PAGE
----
Students applying to Plymouth State University will no longer be required to submit SAT and ACT scores.
The University has decided to step away from the standardized tests, and put more emphasis on a student's high school GPA. Andrew Palumbo, Plymouth's Assistant Vice President of Enrollment Management, says the GPA is simply a better measure of how prepared a student is for college.
The president of Franklin Pierce University is resigning.
James Birge says he’ll step down next year, no later than June 15.
He’s been the head of the university in Rindge for six years, and is the school’s fourth president.
“I am proud of the accomplishments at Franklin Pierce and excited about its future because of these achievements,” Birge said. “As I reflected on these accomplishments and we begin to establish and implement additional changes at the University, I realized it is a good time to move on to allow new leadership to take on the new challenges.”
A group of students work on their homework at the after school program at Pennichuck Middle School. The program is shutting down after the state rejected the district's application to renew its federal funding.
The Dartmouth College alumna who is the creative force behind TV shows like “Grey’s Anatomy” and “Scandal” returned to her alma mater to give Sunday’s commencement speech. Shonda Rhimes spent much of her speech talking about the practical realities of daily life. She also derided commencement speakers who tell students to dream big.
There’s a database in New Hampshire, nestled in hard-drives in the Department of Education, with all sorts of information about student test scores, graduation rates, and achievement. It shows how poor kids do on tests compared to rich kids, and how minorities do compared to whites, and whether schools are improving on those tests.
Whenever the data in it is accessed, it’s totally anonymous; only a handful of employees at the DOE can match these test-scores with student names.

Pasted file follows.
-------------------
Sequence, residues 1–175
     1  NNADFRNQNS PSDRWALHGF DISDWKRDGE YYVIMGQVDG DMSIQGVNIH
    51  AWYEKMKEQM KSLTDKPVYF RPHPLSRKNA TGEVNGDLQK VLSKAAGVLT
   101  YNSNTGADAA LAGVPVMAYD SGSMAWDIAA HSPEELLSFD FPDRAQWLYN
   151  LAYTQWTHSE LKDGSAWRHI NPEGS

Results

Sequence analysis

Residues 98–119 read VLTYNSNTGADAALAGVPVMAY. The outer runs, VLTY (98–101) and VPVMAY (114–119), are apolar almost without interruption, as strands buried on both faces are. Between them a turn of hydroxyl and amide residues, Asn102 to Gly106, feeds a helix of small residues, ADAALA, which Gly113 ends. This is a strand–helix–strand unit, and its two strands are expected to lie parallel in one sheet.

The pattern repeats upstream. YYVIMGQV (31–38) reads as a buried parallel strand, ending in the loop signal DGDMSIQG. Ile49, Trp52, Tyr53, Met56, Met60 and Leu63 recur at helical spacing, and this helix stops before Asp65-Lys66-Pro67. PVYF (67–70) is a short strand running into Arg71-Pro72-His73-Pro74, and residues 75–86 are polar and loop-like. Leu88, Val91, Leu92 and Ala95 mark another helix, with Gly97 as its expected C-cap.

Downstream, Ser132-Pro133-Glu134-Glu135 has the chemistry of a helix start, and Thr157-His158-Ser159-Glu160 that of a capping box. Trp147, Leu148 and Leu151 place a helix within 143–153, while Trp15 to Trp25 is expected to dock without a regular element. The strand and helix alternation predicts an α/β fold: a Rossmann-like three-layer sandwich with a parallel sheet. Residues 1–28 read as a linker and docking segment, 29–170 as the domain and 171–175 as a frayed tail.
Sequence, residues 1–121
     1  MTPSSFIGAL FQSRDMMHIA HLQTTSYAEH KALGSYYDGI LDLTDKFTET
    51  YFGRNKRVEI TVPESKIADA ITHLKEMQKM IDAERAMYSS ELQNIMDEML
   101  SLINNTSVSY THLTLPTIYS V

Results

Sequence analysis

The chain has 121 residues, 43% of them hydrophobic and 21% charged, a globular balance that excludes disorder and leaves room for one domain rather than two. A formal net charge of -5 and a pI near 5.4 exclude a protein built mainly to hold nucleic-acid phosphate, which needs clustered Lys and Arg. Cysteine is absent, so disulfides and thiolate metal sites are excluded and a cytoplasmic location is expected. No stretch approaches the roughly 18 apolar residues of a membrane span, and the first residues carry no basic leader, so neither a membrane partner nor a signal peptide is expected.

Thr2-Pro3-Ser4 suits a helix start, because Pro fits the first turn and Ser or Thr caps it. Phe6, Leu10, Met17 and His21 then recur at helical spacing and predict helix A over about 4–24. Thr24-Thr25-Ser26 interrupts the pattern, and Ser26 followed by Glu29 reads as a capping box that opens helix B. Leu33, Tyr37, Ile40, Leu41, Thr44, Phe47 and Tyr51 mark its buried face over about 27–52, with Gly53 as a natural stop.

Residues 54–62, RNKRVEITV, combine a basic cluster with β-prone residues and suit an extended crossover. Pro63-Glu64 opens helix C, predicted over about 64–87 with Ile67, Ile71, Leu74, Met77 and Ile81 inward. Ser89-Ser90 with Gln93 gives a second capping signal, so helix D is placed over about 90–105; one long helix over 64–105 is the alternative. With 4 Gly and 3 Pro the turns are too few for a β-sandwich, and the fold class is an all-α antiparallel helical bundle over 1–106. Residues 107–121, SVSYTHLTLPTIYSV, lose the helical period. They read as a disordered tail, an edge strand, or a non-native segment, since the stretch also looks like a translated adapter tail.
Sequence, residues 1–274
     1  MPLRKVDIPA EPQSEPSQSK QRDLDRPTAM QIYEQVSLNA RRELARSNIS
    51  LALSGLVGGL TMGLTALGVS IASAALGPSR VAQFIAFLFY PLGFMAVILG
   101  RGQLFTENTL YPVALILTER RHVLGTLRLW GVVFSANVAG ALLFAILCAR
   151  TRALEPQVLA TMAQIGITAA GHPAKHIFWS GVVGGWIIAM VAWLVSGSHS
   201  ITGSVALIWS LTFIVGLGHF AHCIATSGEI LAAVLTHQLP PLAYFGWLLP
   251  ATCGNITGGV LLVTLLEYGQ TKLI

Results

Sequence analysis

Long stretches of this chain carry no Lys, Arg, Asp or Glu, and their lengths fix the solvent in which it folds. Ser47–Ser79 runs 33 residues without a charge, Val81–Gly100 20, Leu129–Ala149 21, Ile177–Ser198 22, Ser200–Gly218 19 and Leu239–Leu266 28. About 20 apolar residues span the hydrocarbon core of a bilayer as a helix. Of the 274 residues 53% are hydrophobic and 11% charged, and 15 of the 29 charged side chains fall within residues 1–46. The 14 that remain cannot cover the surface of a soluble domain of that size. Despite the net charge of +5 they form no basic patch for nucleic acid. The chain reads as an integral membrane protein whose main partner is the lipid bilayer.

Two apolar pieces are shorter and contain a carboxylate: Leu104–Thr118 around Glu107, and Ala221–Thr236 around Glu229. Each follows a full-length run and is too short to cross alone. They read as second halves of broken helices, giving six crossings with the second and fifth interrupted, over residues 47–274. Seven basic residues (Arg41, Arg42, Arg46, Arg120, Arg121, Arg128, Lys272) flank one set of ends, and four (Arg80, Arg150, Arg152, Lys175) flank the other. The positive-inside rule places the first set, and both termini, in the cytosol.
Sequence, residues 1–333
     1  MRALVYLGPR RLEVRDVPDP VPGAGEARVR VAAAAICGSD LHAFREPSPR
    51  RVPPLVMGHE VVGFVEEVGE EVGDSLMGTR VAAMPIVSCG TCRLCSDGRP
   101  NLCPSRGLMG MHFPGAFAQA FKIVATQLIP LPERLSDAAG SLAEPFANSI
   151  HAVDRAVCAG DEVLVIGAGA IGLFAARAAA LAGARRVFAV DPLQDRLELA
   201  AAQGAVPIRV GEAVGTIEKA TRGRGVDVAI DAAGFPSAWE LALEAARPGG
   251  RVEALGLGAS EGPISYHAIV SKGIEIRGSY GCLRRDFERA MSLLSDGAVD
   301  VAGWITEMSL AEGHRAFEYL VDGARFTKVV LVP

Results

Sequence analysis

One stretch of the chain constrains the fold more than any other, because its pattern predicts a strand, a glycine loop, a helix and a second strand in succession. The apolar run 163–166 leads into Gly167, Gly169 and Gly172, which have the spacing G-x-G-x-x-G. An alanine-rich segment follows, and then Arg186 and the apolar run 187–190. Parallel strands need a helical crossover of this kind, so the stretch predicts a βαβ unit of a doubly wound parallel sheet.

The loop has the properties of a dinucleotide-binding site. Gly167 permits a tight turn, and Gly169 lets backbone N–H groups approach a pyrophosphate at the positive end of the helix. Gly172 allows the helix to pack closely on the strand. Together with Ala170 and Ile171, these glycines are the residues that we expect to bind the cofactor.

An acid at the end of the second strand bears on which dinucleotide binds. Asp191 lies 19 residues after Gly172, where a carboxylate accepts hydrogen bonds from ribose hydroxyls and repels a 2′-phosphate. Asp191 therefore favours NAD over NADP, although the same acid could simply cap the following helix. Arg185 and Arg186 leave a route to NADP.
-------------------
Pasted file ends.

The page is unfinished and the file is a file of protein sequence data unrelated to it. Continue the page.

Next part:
The week started with the news of Southern New Hampshire University’s new $10,000 bachelor’s degree program. Recent undergraduate enrollment numbers show the small, Manchester school is now equal in size to UNH in Durham, with a vast majority of its students online.
At a recent cookout behind the red-brick mill building that houses UNH Manchester, senior Derek Burkhardt describes what’s been an eight-year run to get his bachelor’s.
“I actually attended UNH Manchester right out of high school,” says Burkhardt. “But I took some time off in between school to save up some money to be able to afford school, but also to join AmeriCorps. So once I was done with that I came back to continue my education.”
Like many students here Burkhardt says he chose UNH Manchester because that’s where he lives.
Susy Struble was a 16-year-old high school student when, during a weekend visit to Dartmouth College, she was raped at an off-campus party.
Like many rape victims, Struble chose not to tell anyone about the assault, and two years later, she was back at Dartmouth as a student.
One night during her freshman year, she opened her door to a tall, sandy-haired man. Obviously drunk, he forced his way in, pushed Struble against the wall and tried to kiss her. Struble was able to fend off her attacker, who she realized was the same man who had raped her two years earlier.
Rising tuition attracts a lot of headlines, but the amount that schools give out in financial aid is also on the rise. Financial aid can make higher education more accessible to low-income students, but it can also serve as a tool to attract the types of students school want to attract, and to fill seats that might otherwise go empty. Lucy Lapovsky is an education consultant who has studied the question of how much students are actually paying for college and spoke to All Things Considered Host Brady Carlson.
Some of the troubles plaguing higher education are hitting institutions a lot harder in New Hampshire. High public tuition? We have the highest. State aid to public universities? We have among the lowest. For many students, that means they're facing huge debts which will be difficult to repay. That reality is causing students and institutions to reevaluate.
The men of Dartmouth were treated to a heroes’ welcome each fall.
“October, 1947, and the campus is rejuvenated after the slow, sleepy quiescence of the summer weeks,” reads the stoic narrator of an old film reel. “The college town of Hanover throbs excitedly with new life.”
Hanover has been throbbing year-round since the 1970s, though, when Dartmouth became the last Ivy League to accept women.